It's well known that with the correct frequency applied that sound, and sound alone can shatter a wine glass. These demonstrations are always spectacular, so let's build a weapon on the same principle.
Since we are working with sound, above a certain threshold, a sound wave will just pulverize the target. The CDC lists 10psi of overpressure as
Most people are killed
so let's use that as our upper bound for power requirements for this weapon since we want to liquify the person, not instantly pulverize them.
Further, we assume that we can overcome the high natural elasticity of skin to cause it to liquify.
The OP states that this will be human mounted weapon so safety precautions need to be made to ensure the weapon carrier doesn't get liquified too. While ultrasound is still sound, it is "aim-able" in that pointing the ultrasonic transducer sends sound in that direction and not anywhere else. As long as the weapon bearer isn't "looking down the barrel" then they should be okay.
The 10psi overpressure threshold set out in the Assumption section is 700 times the limits of human hearing (130db). Speakers that generate 110db of sound often require thousands of watts. Granted, the energy from normal speakers is spread across a much wider area than an ultrasonic transducer would but I think that sets a decent lower bound on the power requirements for this this weapon. Given that also don't know the power requirements to achieve destructive resonance in human tissues, the power supply may be asked to provide megawatts of power but since we don't know how much power it takes to liquify human flesh, let's just hand-wave and call it good.
Regular speakers just don't have the power output required or the directionality that we want, so let's go with ultrasonic transducers. Let us assume that a megawatt class ultrasonic transducer can be created and matched to adequate heat dissipation tech.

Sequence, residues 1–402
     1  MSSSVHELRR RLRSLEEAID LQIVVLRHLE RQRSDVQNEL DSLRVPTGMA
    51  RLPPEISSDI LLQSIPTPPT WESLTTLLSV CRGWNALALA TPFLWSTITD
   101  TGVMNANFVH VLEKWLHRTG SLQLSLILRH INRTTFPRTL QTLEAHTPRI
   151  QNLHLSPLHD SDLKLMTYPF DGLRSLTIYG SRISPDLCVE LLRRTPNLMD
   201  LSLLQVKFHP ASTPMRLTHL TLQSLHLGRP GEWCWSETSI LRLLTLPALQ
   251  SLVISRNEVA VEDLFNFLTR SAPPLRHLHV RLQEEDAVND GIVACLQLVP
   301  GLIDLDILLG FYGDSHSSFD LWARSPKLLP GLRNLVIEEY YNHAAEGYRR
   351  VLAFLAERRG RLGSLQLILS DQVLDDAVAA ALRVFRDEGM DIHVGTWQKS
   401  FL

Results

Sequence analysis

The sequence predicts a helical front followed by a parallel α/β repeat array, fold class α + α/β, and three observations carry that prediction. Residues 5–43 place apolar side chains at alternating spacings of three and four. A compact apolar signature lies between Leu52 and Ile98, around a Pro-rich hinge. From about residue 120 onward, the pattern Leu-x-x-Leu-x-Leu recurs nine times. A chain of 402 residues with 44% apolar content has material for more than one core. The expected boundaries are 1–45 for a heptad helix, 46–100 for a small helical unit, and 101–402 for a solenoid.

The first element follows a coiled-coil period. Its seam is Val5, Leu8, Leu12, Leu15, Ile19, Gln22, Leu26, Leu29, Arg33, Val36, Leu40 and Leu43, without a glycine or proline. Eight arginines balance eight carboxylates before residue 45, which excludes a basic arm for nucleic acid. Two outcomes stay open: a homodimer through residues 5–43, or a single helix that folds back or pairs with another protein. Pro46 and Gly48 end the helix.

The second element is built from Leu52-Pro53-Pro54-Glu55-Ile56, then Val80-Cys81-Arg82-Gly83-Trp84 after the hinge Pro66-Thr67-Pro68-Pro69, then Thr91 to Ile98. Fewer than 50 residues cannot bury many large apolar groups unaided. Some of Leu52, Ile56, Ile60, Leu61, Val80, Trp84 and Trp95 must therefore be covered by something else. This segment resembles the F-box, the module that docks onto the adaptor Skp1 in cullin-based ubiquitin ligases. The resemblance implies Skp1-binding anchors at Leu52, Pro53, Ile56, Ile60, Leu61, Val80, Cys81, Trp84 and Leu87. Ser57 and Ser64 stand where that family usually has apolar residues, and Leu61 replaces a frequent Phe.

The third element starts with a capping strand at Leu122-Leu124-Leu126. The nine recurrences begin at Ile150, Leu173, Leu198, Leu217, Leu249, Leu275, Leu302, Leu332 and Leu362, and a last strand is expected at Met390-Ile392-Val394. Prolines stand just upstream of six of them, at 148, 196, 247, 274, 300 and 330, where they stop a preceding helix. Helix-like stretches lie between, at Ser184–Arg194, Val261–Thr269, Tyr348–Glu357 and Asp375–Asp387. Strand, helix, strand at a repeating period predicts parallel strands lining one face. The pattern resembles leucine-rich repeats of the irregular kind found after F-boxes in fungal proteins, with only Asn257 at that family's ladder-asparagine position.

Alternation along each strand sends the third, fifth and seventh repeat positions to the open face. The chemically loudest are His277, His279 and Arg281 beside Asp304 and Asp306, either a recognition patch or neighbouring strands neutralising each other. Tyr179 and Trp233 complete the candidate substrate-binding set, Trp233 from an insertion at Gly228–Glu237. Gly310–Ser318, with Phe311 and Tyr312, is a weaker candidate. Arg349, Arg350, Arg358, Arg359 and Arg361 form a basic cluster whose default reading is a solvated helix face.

There is no one frequency that the human body resonates at, or perhaps there is but the power requirements to do so amount to getting hit by the blast wave of high explosives.
At a minimum, you only need to know two frequencies: muscle and skin to count as "liquifying the target". Muscle alone will just make the target fallover. Skin alone just make the target look naked. This leaves the horrifying prospect that the brain are still intact but the target's body is liquifying. If the nerve endings are still functional then.....Death shortly follows but looking down to watch your body turning to liquid.....that's nightmare fuel.
Killing someone may not be as effective as just maiming them by liquifying their skin. Wounded soldiers take significantly more resources to treat/transport than a dead soldier.
Time for Effect
I have no numbers but I think the effects would happen very quickly, just a few seconds. This makes it an effective battlefield weapon because you can't expect a target to stay still for a minute or so.
Since an ultrasonic transducer by definition emits sound at greater than 20Khz, we will need a second transducer to use interference to generate the target frequency. Both transducers can be fitted to a gun-like mount linked to the power supply backpack. Heat dissipation from the power source and the transducers will be important considerations. Add a control to allow the weapon carrier to select a target frequency with some presets for skin, bone, etc. However, access to the raw frequency permits the carrier to experiment with finding the frequency for stone or metal.